Anyway, we had made several runs, and were getting tired, when I slipped off my cardboard sled, and plowed into the sand, banging my knee into something hard. I figured finding the only rock in all this sand was exactly the kind of luck I should expect from living my life at the bottom of the food chain. As I sat there lamenting my injury, something metal reflected the sun and caught my eye. I reached down and dug out of the sand an ancient-looking brass teapot, similar to the kind they sell to tourists at the roadside stands near the Tex-Mex border.

Harry joined me to see why I was still sitting in the middle of the dune. “Are you okay?”

“I’m fine. Look what I found.” I held up the teapot.

“What a piece of junk. The lid is rusted shut and the whole thing is tarnished. Throw it away and let’s do another run.”

“We might be able to get a few bucks for it. Let’s see if I can shine it up a little.”

I pulled out a corner of my shirt and began polishing the sides. The teapot started shaking as if it was alive, while smoke poured out of the spout, billowing upward like a miniature tornado. Next came a flash of lightening, accompanied by the rotten egg smell of sulfur, and then poof, out of nowhere, right in front of Harry and me, appeared a swarthy-looking man of Mexican descent, sporting a chipped tooth, three-day growth, baggy pants, and a traditional red serape.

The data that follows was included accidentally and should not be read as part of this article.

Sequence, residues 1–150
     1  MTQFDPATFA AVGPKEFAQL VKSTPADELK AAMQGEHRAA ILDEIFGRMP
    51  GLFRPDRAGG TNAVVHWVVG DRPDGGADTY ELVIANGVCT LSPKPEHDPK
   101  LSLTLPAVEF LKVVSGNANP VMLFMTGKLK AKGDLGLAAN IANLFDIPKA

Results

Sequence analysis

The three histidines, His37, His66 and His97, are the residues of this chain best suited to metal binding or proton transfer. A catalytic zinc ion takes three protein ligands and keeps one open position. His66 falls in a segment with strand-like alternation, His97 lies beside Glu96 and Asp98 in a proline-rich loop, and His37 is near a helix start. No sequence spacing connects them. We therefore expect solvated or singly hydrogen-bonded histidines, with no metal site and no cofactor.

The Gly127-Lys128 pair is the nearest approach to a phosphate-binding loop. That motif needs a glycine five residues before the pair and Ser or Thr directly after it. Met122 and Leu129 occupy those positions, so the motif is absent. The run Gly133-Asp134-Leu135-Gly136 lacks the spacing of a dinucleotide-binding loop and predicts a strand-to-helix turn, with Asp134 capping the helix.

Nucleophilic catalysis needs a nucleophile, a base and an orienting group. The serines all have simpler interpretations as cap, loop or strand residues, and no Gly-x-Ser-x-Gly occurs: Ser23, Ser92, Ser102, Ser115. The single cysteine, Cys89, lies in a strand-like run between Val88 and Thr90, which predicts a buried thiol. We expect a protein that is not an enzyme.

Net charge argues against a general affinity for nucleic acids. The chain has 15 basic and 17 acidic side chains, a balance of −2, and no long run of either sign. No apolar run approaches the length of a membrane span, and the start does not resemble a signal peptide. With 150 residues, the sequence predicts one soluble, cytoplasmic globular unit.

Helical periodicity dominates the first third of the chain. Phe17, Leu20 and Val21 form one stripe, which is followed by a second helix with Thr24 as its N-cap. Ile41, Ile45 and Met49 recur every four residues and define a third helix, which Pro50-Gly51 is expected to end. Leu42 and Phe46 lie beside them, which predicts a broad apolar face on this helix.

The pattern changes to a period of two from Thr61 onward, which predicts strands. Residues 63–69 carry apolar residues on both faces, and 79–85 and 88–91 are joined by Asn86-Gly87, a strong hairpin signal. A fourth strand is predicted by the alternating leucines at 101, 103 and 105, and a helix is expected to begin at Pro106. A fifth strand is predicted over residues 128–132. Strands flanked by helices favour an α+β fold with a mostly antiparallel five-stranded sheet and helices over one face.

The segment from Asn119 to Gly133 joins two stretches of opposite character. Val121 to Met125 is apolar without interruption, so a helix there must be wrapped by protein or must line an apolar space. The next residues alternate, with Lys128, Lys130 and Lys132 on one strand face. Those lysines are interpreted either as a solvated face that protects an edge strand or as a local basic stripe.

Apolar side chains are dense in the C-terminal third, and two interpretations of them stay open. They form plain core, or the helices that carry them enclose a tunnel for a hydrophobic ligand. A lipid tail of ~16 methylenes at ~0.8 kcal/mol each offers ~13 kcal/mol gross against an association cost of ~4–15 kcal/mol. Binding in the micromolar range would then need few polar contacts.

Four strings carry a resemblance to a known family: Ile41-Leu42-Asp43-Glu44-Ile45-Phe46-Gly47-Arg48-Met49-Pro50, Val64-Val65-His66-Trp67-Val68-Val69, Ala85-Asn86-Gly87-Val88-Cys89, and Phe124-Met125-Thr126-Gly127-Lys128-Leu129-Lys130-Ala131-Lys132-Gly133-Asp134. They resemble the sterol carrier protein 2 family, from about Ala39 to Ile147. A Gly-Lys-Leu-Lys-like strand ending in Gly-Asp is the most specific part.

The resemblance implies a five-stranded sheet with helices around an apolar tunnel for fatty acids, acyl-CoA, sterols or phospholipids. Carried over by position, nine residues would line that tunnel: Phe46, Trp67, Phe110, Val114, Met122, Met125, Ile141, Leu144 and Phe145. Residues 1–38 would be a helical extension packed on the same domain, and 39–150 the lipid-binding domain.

“Gracias, Tom,” he says, “for setting me free.”

Harry and I stare at the apparition in front of us as he pulled off his boots and poured out the sand.

“I hate sand. Two hundred years crammed into that teapot; it gets in your hair, your ears, up your las nalgas, and worst of all between your toes…very difficult to scratch.”

I managed to stammer. “Who the hell are you and where did you come from?”

“From the teapot, mi amigo…and you can call me Pepe.”

I turn to Harry to confirm what I was seeing and hearing, but he had passed out on his back in the sand and a dung beetle was crawling across his face.

Pepe says, “Let’s get down to business. What are your three wishes?”

“Excuse me?”

“Didn’t your mother ever read the classics to you? Here’s how it works…you rub the magic lamp, the genie appears, and you get three wishes.”

“This is a teapot and you don’t look like a genie.”

“You want the wishes or not? I can always give them to Harry when he wakes up, although technically he wasn’t the one who rubbed the lamp.”

“Hang on.”